An internal combustion motorcycle, like any single one of the bikes at the 2023 Handbuilt Motorcycle Show, is a wonderfully complex machine. Compared to a gas-powered custom-built bike, a production EV is simpler, and, therefore, a less soulful steed to some. Zero Motorcycles and Huge Design want to change how we see fully-electric bikes with the Zero SR-X concept, which combines the minimalist style of an EV with the mechanical intricacy of a 1,000cc sports bike.
Full disclosure: Zero invited me to the 2023 Handbuilt in Austin, Texas, to see the Zero SR-X concept and speak with its designer. Zero paid for my hotel and fed me. We talked about the future of motorcycles and their ongoing transition to EVs over the best pancakes in Austin, found at the Counter Cafe.
Rather than make a new EV motorcycle with design flourishes that try to mask or distract from the shoebox that is an EV drivetrain, Bill Webb of Huge Design has managed to make an EV bike with more soul than many riders are willing to give EVs credit for — myself included. Even though EV bikes are awesome for the progress they represent, it’s hard to elevate their battery packs and motors to the sensual appeal of a big BMW boxer or Harley-Davidson v-twin engine.
Part of the whole point of motorcycle (and car) shows is that these machines are as pleasing to look at as they are to operate, but not many EV bikes trigger the same neural centers as combustion-powered bikes. There are no protruding cylinders, no cooling metal fins, no fuel lines, and no exhaust pipes. To be fair, EV motorcycles have their own utilitarian appeal. When done right, an EV bike can conjure the simplicity that Dieter Rams strived for, but simplicity is not really what many memorable motorcycle designs of the past were after.
Bridging the past between combustion-powered motorcycles and the fully-electric bikes of the future is no easy task, but that’s what Webb and Huge Design aimed for with the Zero SR-X. Webb is an industrial designer by trade who’s worked with Zero before: their previous collaboration yielded the concept bike that eventually went on to become the Zero FXE.
Webb has a knack for taking something as uneventful as a box — for example, a boring hard drive — and turning it into something more. So, when Zero decided it wanted to define what the future of its bikes will look like, the American EV maker approached Webb and his design firm.
I got a chance to talk with both Webb and Dan Quick from Zero about the SR-X concept, which, as of now, is not planned for production. I guess it’s fitting that the SR-X was at the Handbuilt Show, where the bikes on display are one-of-one builds. And against that backdrop of ’rad custom motorcycles, we talked about the conflict of designing the future of motorcycles without letting go of their past.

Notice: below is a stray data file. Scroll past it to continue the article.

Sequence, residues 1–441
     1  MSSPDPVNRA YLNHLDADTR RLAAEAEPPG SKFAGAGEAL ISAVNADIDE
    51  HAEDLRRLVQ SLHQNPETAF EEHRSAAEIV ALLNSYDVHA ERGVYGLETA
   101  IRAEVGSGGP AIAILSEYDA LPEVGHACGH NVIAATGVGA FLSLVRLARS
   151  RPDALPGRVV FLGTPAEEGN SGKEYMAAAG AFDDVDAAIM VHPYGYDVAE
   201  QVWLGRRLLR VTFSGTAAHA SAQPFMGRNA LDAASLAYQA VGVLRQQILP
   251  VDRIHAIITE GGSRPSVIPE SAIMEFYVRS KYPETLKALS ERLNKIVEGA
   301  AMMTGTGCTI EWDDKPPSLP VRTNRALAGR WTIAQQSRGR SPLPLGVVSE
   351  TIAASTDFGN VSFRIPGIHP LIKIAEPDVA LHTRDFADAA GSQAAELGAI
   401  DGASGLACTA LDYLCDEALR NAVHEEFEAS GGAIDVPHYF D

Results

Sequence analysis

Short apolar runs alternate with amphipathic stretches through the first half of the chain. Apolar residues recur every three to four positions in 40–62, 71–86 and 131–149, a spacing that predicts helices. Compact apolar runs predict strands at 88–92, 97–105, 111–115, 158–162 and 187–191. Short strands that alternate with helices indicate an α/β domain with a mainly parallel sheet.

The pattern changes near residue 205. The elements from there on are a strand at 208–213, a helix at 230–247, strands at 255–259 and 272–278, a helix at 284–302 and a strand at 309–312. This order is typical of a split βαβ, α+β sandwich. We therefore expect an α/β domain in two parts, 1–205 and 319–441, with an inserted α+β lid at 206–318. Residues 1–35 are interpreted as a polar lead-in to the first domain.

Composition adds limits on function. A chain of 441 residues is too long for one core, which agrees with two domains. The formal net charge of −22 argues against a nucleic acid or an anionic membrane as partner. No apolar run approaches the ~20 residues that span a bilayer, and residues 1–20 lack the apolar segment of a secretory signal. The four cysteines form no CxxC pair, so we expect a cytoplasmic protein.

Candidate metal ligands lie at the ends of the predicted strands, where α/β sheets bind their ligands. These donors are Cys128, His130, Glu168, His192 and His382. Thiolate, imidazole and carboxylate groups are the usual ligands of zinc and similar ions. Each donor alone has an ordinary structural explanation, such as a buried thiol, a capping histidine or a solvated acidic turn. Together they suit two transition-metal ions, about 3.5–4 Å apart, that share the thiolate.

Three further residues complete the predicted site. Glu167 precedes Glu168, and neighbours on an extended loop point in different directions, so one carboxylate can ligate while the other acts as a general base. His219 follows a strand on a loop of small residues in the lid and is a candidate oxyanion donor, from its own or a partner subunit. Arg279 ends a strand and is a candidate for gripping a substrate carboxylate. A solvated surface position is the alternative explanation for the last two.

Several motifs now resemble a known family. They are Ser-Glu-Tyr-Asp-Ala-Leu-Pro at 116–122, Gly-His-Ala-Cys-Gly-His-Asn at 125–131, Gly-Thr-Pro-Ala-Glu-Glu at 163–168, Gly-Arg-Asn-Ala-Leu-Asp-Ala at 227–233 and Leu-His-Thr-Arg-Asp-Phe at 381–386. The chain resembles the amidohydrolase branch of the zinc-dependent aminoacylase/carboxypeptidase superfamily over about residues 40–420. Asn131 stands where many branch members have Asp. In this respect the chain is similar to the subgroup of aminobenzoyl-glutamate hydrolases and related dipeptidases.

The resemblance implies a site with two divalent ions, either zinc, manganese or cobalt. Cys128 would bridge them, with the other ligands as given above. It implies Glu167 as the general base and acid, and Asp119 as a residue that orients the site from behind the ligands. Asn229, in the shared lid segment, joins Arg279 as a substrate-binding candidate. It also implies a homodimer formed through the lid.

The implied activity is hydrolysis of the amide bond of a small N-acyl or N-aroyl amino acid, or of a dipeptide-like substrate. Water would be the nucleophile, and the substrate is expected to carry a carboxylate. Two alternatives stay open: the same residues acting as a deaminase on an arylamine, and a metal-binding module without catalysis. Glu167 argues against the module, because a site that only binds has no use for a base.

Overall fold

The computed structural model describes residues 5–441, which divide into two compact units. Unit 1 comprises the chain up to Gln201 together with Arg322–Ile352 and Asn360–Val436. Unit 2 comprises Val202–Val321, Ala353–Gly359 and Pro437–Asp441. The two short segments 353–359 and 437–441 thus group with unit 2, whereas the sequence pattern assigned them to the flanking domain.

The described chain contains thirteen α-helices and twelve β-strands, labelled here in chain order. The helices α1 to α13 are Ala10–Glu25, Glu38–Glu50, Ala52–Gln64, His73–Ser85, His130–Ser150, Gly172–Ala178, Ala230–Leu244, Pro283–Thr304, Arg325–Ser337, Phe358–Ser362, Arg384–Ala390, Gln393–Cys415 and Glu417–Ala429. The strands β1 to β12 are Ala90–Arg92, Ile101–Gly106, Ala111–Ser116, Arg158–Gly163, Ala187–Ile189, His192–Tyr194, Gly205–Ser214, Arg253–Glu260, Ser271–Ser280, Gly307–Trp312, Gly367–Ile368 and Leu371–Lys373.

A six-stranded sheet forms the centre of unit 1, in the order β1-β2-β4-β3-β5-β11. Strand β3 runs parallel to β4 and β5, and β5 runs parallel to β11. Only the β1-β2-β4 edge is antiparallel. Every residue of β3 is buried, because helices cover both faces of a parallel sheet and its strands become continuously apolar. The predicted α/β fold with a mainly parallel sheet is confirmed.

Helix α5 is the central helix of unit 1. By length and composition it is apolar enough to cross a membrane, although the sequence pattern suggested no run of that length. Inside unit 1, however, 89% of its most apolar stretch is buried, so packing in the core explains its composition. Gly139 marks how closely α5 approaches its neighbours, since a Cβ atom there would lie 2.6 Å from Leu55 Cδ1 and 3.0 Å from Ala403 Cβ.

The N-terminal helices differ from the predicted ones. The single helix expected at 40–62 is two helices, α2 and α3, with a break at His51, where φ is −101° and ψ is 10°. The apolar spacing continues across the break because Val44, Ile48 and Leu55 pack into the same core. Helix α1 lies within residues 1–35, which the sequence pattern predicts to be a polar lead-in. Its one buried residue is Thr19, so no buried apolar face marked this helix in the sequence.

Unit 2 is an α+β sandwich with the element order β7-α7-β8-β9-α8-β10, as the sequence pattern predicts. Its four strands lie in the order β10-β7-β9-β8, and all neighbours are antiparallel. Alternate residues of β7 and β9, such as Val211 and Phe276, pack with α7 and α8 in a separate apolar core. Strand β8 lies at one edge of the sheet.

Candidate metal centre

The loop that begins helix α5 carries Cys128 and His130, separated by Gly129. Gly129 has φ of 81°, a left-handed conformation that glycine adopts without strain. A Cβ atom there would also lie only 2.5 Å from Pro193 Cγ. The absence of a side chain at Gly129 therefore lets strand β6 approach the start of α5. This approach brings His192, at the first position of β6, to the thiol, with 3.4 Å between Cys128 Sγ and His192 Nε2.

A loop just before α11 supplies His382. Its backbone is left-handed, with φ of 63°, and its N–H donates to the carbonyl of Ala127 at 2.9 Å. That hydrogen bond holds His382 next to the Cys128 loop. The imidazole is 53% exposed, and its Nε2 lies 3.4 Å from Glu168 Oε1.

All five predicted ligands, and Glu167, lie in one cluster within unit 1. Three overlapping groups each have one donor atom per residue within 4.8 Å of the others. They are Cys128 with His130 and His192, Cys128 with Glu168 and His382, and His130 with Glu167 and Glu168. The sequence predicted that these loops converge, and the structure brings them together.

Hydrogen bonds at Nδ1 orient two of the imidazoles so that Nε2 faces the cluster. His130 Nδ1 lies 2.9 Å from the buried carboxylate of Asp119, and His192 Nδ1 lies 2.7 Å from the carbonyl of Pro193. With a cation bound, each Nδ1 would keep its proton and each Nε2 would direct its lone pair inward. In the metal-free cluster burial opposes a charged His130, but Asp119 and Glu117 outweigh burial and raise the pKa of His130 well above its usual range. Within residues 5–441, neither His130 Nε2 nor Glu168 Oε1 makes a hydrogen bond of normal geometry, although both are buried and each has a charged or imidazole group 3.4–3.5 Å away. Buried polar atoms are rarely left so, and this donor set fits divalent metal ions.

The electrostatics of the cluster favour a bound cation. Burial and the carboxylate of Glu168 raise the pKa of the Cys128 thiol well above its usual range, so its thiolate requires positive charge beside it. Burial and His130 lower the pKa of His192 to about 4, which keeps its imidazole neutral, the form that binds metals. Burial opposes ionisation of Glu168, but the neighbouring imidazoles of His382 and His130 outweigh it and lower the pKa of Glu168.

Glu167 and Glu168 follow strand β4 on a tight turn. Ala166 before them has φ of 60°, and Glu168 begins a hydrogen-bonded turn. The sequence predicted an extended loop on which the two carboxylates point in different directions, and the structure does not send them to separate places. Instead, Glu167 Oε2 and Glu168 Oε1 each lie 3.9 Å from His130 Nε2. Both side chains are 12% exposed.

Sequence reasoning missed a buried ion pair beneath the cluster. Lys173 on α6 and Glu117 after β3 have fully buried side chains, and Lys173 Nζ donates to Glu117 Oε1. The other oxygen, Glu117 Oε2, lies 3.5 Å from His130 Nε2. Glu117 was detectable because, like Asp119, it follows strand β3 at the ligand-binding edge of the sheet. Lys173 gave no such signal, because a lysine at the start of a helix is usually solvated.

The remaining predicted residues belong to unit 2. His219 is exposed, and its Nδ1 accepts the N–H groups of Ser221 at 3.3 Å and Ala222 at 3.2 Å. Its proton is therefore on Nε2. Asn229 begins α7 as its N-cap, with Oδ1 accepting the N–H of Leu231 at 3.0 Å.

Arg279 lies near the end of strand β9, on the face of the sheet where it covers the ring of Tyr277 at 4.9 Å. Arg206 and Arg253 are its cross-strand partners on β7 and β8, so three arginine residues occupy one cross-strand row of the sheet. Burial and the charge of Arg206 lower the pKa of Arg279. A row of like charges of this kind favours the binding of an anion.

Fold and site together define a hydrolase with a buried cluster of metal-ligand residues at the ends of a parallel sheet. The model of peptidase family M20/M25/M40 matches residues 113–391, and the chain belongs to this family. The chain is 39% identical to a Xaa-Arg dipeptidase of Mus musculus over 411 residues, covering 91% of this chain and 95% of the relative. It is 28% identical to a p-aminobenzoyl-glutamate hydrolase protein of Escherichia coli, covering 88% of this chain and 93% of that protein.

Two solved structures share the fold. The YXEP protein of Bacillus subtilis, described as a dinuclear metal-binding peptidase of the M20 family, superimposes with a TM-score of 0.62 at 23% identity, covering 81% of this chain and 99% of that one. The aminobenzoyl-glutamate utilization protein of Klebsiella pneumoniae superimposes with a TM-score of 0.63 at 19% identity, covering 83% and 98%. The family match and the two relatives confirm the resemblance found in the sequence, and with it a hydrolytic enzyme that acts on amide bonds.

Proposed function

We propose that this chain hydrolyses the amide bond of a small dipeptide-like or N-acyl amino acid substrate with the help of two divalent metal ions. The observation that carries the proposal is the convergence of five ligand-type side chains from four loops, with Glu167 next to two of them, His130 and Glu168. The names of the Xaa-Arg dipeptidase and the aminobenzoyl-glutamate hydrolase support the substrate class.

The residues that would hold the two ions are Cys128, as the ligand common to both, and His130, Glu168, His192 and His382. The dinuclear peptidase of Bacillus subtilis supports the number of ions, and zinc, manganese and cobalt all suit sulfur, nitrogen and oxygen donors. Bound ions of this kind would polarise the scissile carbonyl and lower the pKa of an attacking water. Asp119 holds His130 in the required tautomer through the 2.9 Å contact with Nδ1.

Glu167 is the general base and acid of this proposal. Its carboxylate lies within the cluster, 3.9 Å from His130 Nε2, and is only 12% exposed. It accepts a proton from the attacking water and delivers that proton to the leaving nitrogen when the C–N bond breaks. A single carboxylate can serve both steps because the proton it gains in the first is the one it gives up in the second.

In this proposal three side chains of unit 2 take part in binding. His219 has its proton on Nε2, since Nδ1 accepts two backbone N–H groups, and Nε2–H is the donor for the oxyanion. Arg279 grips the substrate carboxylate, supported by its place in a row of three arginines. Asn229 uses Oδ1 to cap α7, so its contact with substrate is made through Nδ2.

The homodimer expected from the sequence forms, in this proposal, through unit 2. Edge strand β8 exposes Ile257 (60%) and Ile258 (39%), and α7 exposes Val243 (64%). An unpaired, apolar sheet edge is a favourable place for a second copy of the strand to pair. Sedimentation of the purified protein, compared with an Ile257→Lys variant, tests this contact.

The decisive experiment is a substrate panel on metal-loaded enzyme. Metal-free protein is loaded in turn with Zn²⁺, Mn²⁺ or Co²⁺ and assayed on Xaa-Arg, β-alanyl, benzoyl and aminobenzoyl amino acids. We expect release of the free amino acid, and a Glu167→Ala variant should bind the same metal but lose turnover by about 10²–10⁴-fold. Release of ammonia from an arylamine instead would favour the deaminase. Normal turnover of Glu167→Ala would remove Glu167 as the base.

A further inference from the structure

BW: It’s a constant creative conflict. I’ll be working on it, and I’ll be like, ‘Oh, no that’s too motorcycle-y.’ Like, not redneck, but you know what I mean.
JR: We’ll call it “crude.”
BW: Some of these bikes, a designer would look and say ‘Ugh, that’s so tacky.’ I’m trying to walk that fine line of making an industrial designer appreciate it and the guy that loves just straight up twisted metal and candy paint. Can I get him interested? I’m trying to get two people on two different ends of the spectrum. The reality is it’s still kind of a designer bike, and plenty of guys in here will be like, ‘What the fuck is that?’ But I’m just trying to find that middle ground between electric and gas, and designer and enthusiast.
JR: That’s a lot of things or places to pull from. It sounds like quite the conflict.
BW: Yeah, and, ultimately, you’re trying to create something that you can’t categorize. I’m hoping some people look at it and say, ‘Ah, that’s just a sport bike.’ But maybe they don’t know motorcycles, and the people who do know motorcycles say, ‘Wait a minute, that’s not a sport bike!’
JR: I think from the side profile you definitely nailed the “kilobike” aesthetic, but when I look at the front, it’s unlike any sport bike I’ve seen.
BW: Well, there’s a certain — the designer in me wants everything pure and rational. If you look at the side of the bike, see how everything is a straight line with a radius? The entire bike is composed of straight lines and rounded corners. I dare you to find — there’s a few — but try to point out all of the things that aren’t intersecting in a straight line and a rounded corner.
JR: Alright. Challenge accepted.
BW: Obviously, everything is organic, but everything is intersecting. So, when I build this in 3D, I take these super-organic surfaces and try to make them meet in rational intersections. That’s basically all I’m doing.
JR: Well, this bike is the epitome of the future. It’s this futuristic EV, which I’ve never seen the likes of before, but did you draw on anything from the past? Can you recognize that same aesthetic harmony you’re describing in any bike from the ’60s, ’70s or ’80s?
BW: Yeah, definitely. I think the ’70s and ’80s. There’s almost this kind of hand sanded effect. Think about ’70s race bikes. A lot of them are just fiberglass. Some guy just sanded something then laid fiberglass over it, so it has that sense that it wasn’t made by a machine. And so everything comes from that. This surface is machine-made, but everything has a hand-sculpted feeling. I was trying to combine the sense of, ‘a machine did that, but a human did this.’
JR: Was there anything you had to leave out that you really didn’t want to, but at the end, you had to take this or that out, or otherwise change this design?
BW: Honestly, the biggest challenge is — I’m not really answering your question (laughs) — but the electric chassis and drivetrain is such a fucking box that you’re trying to do this sexy design, but it’s like trying to put an egg around a refrigerator. And you want to be honest with the design. You don’t want to add gratuitous volume.